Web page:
Dr. Edward “Crosby” Tompkins, 80, of Grand Haven, Michigan, died early Sunday morning, February 23, 2020, at the Warner Center for Caring in Fernandina Beach, Florida. Crosby’s death came on the heels of a courageous fight to recover from a stroke that he suffered early last year.
Crosby was born May 23, 1939, in Rushville, Indiana, wearing a pair of Wrangler jeans, to Charles and Jean Tompkins. Crosby grew up in the nearby metropolis of Milroy, Indiana, where he attended and graduated from Milroy High School. It was in Milroy where Crosby is believed to have first uttered the phrase, “I reckon” in his classic southern drawl.
Crosby then attended Purdue University in West Lafayette, Indiana, where he received his undergraduate degree in animal science, a master’s degree, and finally a Ph.D. in animal reproductive physiology, with a minor in pharmacology and statistics. He was a member of Phi Sigma Kappa, where he mastered the art of the 12-ounce curl.
Crosby’s first job came as a researcher for the Reynolds Tobacco Company in Winston Salem, North Carolina, where the United States Patent and Trademark Office granted him a patent for a solution used to treat respiratory depression. Crosby held that position until the company decided that it could not prove that cigarettes did not cause cancer and canceled all research on the subject.
Crosby subsequently enjoyed a brilliant career in the field of pharmacology and toxicology. He served as a toxicologist for Bristol, Myers Squibb in Evansville, Indiana; a researcher for Toxicity Research Lab in Muskegon, Michigan; and as vice president for Wil Research Laboratories in Ashland, Ohio.
In 1996, Crosby moved back to Grand Haven, Michigan, where he partnered with Dr. Bob Boyd to form Northern Biomedical Research Inc., a company committed to aiding the development of cutting-edge products to help in the fight against disease, including Alzheimer’s disease, Parkinson’s disease and countless others. Crosby retired from NBR in 2006.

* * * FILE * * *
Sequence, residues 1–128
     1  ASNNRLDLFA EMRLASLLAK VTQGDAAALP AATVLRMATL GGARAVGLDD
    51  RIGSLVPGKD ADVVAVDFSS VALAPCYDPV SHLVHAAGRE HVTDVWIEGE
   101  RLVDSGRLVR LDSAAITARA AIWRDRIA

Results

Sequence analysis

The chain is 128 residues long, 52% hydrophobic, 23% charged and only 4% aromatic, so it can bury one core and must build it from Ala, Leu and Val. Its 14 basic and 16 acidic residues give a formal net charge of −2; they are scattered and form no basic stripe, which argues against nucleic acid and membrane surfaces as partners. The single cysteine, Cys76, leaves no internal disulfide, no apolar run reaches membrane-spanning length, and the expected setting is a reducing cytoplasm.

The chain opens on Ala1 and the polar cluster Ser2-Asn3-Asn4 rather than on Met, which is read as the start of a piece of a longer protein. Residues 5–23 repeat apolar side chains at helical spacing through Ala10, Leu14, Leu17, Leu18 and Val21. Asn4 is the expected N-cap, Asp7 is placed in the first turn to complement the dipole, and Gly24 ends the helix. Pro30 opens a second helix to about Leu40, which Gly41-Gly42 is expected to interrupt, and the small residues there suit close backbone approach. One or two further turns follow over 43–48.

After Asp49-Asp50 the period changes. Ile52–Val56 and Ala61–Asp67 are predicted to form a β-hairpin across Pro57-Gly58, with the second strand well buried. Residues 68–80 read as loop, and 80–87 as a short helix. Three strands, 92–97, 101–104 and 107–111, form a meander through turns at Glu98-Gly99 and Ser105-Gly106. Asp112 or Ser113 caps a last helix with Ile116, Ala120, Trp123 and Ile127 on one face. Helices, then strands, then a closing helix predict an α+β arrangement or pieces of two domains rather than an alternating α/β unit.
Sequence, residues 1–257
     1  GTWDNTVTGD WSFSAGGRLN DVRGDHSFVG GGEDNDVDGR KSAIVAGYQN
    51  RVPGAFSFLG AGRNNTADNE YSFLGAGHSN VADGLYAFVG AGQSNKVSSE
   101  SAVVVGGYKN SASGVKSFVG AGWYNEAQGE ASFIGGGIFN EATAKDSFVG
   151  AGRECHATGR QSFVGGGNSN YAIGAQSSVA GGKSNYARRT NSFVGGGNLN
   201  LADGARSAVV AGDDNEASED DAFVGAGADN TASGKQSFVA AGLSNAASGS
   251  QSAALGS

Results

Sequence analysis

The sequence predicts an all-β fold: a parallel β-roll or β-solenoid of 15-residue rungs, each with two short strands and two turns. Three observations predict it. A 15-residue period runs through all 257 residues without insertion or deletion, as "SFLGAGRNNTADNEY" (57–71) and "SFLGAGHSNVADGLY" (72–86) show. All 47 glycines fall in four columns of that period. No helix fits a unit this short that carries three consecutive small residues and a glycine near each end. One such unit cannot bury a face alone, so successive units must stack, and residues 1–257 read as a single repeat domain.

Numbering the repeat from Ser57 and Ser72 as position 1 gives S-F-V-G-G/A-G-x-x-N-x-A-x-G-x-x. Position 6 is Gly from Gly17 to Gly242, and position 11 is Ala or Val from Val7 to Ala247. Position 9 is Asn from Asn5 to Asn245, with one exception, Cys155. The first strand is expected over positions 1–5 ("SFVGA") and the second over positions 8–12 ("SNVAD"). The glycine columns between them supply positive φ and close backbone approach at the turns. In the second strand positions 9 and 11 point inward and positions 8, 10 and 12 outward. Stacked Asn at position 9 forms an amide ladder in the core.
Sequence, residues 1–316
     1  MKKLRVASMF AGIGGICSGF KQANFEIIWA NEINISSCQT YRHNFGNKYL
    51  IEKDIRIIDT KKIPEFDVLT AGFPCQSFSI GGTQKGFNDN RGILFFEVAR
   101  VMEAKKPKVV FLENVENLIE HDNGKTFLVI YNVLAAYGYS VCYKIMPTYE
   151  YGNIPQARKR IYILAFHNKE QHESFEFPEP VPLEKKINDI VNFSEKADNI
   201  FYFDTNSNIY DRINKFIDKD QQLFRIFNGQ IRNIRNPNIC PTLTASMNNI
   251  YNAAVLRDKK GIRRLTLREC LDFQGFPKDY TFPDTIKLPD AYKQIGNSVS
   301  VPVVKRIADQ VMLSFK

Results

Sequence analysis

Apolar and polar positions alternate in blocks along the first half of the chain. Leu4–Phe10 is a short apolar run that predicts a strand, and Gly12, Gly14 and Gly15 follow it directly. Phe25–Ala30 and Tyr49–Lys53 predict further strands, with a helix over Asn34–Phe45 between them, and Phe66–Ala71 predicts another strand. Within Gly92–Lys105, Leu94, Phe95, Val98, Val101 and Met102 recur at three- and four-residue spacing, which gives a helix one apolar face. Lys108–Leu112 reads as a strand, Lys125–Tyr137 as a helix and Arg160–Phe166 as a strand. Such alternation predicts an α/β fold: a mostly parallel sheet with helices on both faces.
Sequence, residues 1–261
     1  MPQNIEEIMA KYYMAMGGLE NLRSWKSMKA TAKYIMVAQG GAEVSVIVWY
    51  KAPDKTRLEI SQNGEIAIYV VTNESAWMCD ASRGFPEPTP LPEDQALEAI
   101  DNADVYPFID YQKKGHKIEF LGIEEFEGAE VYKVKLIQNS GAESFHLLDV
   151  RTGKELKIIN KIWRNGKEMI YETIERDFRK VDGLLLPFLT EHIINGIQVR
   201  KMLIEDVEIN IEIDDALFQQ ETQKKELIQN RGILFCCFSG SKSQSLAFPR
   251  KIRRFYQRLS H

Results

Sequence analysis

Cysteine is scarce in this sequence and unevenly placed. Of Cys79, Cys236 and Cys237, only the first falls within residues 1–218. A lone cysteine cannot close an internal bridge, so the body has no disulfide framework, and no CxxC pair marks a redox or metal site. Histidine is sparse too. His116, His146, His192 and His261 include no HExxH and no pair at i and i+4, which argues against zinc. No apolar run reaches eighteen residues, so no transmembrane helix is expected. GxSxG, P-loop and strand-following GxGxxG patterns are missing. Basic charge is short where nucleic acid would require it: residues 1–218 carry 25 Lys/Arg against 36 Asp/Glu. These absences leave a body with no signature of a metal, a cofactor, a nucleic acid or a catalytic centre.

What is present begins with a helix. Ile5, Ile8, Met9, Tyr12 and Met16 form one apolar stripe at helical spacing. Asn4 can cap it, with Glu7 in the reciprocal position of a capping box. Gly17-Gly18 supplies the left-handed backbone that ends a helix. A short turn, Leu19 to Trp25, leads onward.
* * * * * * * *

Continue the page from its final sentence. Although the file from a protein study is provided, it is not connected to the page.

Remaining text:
Crosby loved nature and guns, and was a generous philanthropist in these particular areas. He was a lifetime member of the National Rifle Association and the National Audubon Society, as well as a member of the Nature Conservancy, the Land Conservancy of West Michigan, and a volunteer for the Ottawa County Parks and Recreation Department.
Crosby was a deeply spiritual man, most recently attending the United Methodist Church of the Dunes, where he also volunteered and engaged in group Bible study. He enjoyed any conversation that attempted to reconcile two of his passions: science with religion.
Crosby was an avid outdoorsman. He loved to hunt. He loved to fish. He loved birds. He loved looking at birds, reading about birds, talking about birds, and sometimes even talking to birds. He made moonshine in a copper still that he kept in the garage. He made homemade Kahlua. He would check his own blood pressure while he listened to bluegrass music on an old record player. He was tough, smart, funny, generous and kind. A once-in-a-lifetime friend that will be missed by everyone who had the privilege of knowing him.
Crosby was blessed with three beautiful daughters: Rebecca (Scott Estes) Tompkins of Albuquerque, New Mexico, Pamela Tompkins of Albuquerque, and Katie (Nick) Gudelsky of Grand Haven, who survive and to whom Crosby passed on his kindness and his love and appreciation for nature, history and country music.
He is also survived by his loving wife and travel companion, Dianna Lombardo, whom he married December 28, 2006; his grandchildren: Lillie and Lola Estes, and Eden and Cora Gudelsky; step-children, Jake (Kristyn) Lombardo of Rockford and Megan (Andy) White of Ashland, Ohio; step-grandchildren: Ruger, Danner and Case White, and Luke and Amaya Lombardo; his first wife, Evangeline Luhn of North Muskegon; the Bob Jackman family of Milroy, Indiana; the Eickhoff family of Evansville, Indiana; his sister-in-law and brother-in-law, Debbie and Doug Walter of Port Clinton, Ohio; mother-in-law, Effie Smith of Ashland, Ohio; father-in-law, Charles (Laura) Wolford of Greenwich, Ohio; cousins, nieces, neighbors and lifelong friends.
He was preceded in death by his parents, Charles and Jean Tompkins; brother, Mark Tompkins; and his second wife, Shirley Tompkins.
A memorial service will be held March 10, 2020, at 3 p.m. at United Methodist Church of the Dunes, 717 Sheldon Road, Grand Haven, Michigan. The Rev. Lou Grettenberger will officiate. A celebration of life will follow at 4 p.m. at Porto Bello Restaurant, 41 Washington Ave., Grand Haven, Michigan.
Snyder Funeral Home of Mansfield, Ohio, is honored to serve Crosby’s family. Share a message of support with them online at: https://www.snyder funeralhomes.com/obituary/dr-edward-crosby-tompkins/.
In lieu of flowers, memorial contributions may be made to the Ottawa County Parks and Recreation Department, www.miottawa.org/parks/donate.htm.